26 maj 2019 News Øresund - oberoende dansk-svensk nyhetsbyrå

New Sand Mining in Øresund Strait


In March, Danish and Swedish ‘Øresundfiskere’ sailed to Copenhagen to defend the fishing industry from sand mining in the important spawning areas in the northern part of the Øresund. Photo: News Øresund – Peter Mulvany.

After sand mining in fishing banks in the northern part of the Øresund was criticised, the Danish Nature Agency (Naturstyrelse) has given the go-ahead for the annual mining of almost one million cubic meters of sand from the southern part of the Øresund.

The Nature Agency approved the mining of sand in the Bay of Køge in the southern Strait owing to the need for sand for road construction and development in the greater Copenhagen area. Permission was granted two weeks ago in response to a request by the development company NCC. The approval allows the mining of 950 000 cubic meters of sand annually from the Bay of Køge in the southern Øresund Strait and a total of 4.8 million cubic meters; that’s enough sand to cover Copenhagen’s City Hall Square with a layer of sand 163 meters high.

In a response from the Bay of Køge’s fishermen’s organisation, Køge Bugt Fiskeriforeningen, spokespeople warned against the potential damage to the fish stocks there. The organisation told the Board that the area was a vital fishing area in the past, but is now barren. According to the organisation, the only way to save the fish and flora on the seabed there is to spare the area from sand mining.

Sand mining in Øresund has been criticised by fishers and environmental interest groups alike. In March, Danish ‘Øresundfiskere’ (Fishers of the Øresund) with the support of Swedish colleagues sailed to Copenhagen in protest. There, they demonstrated in front of the Ministry of the Environment, where a meeting of Danish and Swedish EU-parliamentarians was taking place.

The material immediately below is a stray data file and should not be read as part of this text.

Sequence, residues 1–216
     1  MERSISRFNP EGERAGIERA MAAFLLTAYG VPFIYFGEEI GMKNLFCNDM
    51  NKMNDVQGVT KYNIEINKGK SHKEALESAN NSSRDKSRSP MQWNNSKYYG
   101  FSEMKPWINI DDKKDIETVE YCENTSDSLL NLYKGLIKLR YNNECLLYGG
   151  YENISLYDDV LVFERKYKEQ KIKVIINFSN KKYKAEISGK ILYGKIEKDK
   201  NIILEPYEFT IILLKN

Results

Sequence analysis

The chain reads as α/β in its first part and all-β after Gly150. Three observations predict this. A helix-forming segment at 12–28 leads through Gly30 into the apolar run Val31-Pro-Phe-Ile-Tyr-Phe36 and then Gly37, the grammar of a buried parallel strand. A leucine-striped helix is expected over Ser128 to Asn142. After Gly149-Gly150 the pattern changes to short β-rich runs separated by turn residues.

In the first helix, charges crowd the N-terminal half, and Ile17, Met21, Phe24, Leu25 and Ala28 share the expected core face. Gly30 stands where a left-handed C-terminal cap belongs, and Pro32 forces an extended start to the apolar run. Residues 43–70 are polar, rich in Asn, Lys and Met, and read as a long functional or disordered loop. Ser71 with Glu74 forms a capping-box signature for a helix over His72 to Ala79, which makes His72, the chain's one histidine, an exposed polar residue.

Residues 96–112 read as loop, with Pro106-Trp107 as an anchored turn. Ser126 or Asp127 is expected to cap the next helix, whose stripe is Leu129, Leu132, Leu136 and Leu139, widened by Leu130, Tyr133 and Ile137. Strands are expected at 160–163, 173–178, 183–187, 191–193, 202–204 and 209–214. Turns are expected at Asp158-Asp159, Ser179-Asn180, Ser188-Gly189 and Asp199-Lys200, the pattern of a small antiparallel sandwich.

Sand mining around Helsingør in the northern Øresund ceased temporarily, so the development companies sailed south to the Bay of Køge. The new area is two kilometres outside of Køge’s Harbour. According to the Nature Agency, there are already many holes from sand mining in the past.

It is in part because of these holes in the sand floor that criticism by the fishermen’s organisation has made little impact on the Board. In an NCC report, it concluded that the large amounts of sand could be taken from the area “without a significant effect on fish and without significant inconvenience to the fishing industry.”

According to the approval, “The fishing inspectors centre for the Eastern Denmark–Roskilde area (Fiskeriinspektorat Øst – Roskilde) and Robin Kvist have not provided specific information that demonstrates that the area is of particular importance to the area’s fishing industry or that mining there will have a significant effect on local fishing alternatives.” (News Øresund)

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